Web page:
There are different types of artists. A 3D artist isn't the same as a 2D artist, which isn't the same as a designer.
It wouldn't make sense to ask a devop to write you a website, then claim that webdev was an order of magnitude more difficult than devops.
Again, this is my point. The number of 3D content developers is staggeringly low for the amount of content that needs to be created. Irrespective of that, for comparable skill levels the time it takes to produce 3D content again dwarfs that of 2D content - often cause you need a lot of structured 2D content for it to be shaded and texture mapped/baked correctly.
In my experience, the skill levels can't be compared like that. A 3D artist is a difference in kind from a 2D artist.
It's not nearly as difficult to create 3D content as you're suggesting, though.
you need a lot of structured 2D content for it to be shaded and texture mapped/baked correctly.
Actually, this isn't how ZBrush works. You can paint your model in whatever fashion you want. There's no structure needed, and no baking process. The final step is to convert the high-res painted model into a low-res exportable version, which is largely an automatic process.
Your points appear to be (a) many more people are trained in Photoshop than ZBrush, and (b) ZBrush isn't Photoshop. That's true.
Not to go all "appeal to expert" here but I've been 3D modeling since the mid-90s. My company is deep into 3D rendering, scanning and content generation. Creating something in 3D is trivial. Creating something that looks like something with accurate scale, correct UV mapping and polygon normalizing is a highly technical skill which increases in difficulty logistically.
It takes our expert modeling team at the absolute fastest, 1 hour to build a single 3D model of a small 5 foot long sofa, without baked textures or high quality detail. Compare that to lighting and taking a photograph of the same sofa in a studio. Actually this is an interesting comparison because we have worked so heavily on this particular problem.
I know how Z-Brush works. All I can say is that it is not how you create content for VR/AR - it's not high enough precision and it's really only suited for "organic" 3D modeling. Characters? Sure. Environments, engineered objects, interfaces? Absolutely not.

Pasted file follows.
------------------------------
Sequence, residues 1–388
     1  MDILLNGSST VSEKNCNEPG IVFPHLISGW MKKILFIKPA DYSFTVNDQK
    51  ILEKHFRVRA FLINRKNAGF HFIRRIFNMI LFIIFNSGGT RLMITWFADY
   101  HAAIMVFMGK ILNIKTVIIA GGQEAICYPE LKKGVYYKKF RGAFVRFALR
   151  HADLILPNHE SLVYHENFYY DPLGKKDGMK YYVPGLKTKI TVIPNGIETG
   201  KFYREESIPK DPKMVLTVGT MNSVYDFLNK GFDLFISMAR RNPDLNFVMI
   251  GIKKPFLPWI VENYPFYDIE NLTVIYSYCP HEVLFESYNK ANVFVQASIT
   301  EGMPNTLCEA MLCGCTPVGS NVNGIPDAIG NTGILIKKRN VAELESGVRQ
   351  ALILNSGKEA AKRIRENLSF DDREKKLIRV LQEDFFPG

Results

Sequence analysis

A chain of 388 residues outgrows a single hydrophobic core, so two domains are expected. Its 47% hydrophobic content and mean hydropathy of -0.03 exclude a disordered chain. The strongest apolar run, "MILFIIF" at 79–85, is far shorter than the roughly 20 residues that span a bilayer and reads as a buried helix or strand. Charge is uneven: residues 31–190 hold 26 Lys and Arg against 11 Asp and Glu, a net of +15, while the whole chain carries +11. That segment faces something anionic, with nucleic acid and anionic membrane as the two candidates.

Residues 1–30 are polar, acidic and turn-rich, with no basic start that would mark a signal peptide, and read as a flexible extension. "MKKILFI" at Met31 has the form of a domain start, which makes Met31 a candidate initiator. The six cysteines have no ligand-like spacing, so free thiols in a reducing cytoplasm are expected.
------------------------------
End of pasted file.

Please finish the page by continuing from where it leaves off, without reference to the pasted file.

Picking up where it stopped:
No the point is, "content" as generated today - by your average Joe in the form of 2D images and text, or by retailers/designers in the form of 2D product pictures, is trivial to produce and takes marginal skill. The content of AR is 3D. Your average Joe cant produce it at all, most retailers/designers have no clue how they would start, and those who do know can't find enough 3D modelers to keep up with demand.
I appreciate how much thought and effort you've put into your replies. It's reciprocated. But I think at this point we should agree to disagree.
Ben is the outlier of outliers - the guy is a design genius and worked years at Weta.
Best of luck.
Two pieces this was reminiscent of and I'd suggest, if you're interested, are:
especially Series 1 Episode 2 "Fifteen Million Merits"
Terry Gilliam's Zero Theorem
> All we know is fake fodder and buying shit. That's how we speak to each other, how we express ourselves, is buying shit. What, I have a dream? The peak of our dreams is a new app for our Dopple, it doesn't exist! It's not even there! We buy shit that's not even there. Show us something real and free and beautiful. You couldn't. Yeah? It'd break us. We're too numb for it.
Dukkha, that is, the existential anguish (Sisiphyus) is present, whether technology is sophisticated enough or not. Technology cannot address dukkha.
It also resembled some of the psychedelic experiences I had, yet not quite -- for example, the way colors overlay the streets and grocery store aisle is close, and yet, the sense that the symbols overlaying are conscious, sentient, and alive is missing. The way you move through space and have the visual and audio overlay change the space around you reminds me of some of the way journeying happens. It is also interesting how, when the devices rebooted and the colors of the world bled out, gives the same kind of contrast that some people feel when their initial spiritual awakening experience fades. Lastly, in a psychedelic experience, there is a connection between the inner experience and the outer experience; this set of technology does not give that sense.
In Hyper-Reality, it's showing an experience where mainstream access to VR and AR gives mainstream access to some of the psychedelic experiences, and what that says about our civilization, and what's coming in the future. When I read the Wikipedia entry for "Enter the Void" does not seem as interesting to me.
* I do watch films like this. My point though isn't that Hyper Reality resembles a psychedelic experience, but that it gives us a glimpse of the future where pseudo-psychedelic consciousness shift is available in the mainstream, and part of the fabric of every day experience.
It's an extremely visual film -- as an experience it's nothing like its Wikipedia entry :)
Out of curiosity, what's the take on reincarnation? I saw it draws some ideas from the Tibetan Book of the Dead. Is the take it has something that is a twist on those ideas, or is it more that it's bringing the "Tibetan Book of the Dead" out in a visual display that's interesting?
I'll have to check out Vistas of Infinity :)
Check out the book, "Vistas of Infinity" sometime.
(I mean, obviously that doesn't say anything about whether it'll happen or not, but I really don't want this to happen. It looks like an incredibly scary and above all vapid state to be in.)
EDIT: Btw, wasn't this posted a few days ago? Can't find it, but I'm pretty sure I saw this around here. (Then again, maybe I saw it on reddit.)